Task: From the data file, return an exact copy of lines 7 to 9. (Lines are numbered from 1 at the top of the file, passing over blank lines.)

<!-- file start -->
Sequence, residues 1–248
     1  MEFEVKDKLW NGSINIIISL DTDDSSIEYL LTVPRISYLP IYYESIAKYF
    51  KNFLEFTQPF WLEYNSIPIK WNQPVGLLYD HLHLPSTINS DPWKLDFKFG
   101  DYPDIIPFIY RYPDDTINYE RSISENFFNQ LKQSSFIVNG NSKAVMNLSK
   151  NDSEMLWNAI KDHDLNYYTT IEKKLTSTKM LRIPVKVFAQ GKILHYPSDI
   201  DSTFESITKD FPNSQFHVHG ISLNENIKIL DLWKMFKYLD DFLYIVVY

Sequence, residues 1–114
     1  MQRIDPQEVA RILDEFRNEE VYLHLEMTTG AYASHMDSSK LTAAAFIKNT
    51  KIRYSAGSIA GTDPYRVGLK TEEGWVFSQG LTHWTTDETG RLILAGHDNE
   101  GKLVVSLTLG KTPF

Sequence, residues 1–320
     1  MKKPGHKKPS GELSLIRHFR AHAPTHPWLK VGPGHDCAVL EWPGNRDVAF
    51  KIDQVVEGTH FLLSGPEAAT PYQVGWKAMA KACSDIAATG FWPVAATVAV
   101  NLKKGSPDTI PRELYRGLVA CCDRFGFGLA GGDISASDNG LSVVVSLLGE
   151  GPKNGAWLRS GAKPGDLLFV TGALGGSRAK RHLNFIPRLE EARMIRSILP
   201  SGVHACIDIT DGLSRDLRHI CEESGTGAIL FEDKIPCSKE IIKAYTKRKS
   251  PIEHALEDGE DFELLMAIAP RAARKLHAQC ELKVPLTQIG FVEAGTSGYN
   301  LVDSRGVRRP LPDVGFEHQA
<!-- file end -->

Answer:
Sequence, residues 1–114
     1  MQRIDPQEVA RILDEFRNEE VYLHLEMTTG AYASHMDSSK LTAAAFIKNT
    51  KIRYSAGSIA GTDPYRVGLK TEEGWVFSQG LTHWTTDETG RLILAGHDNE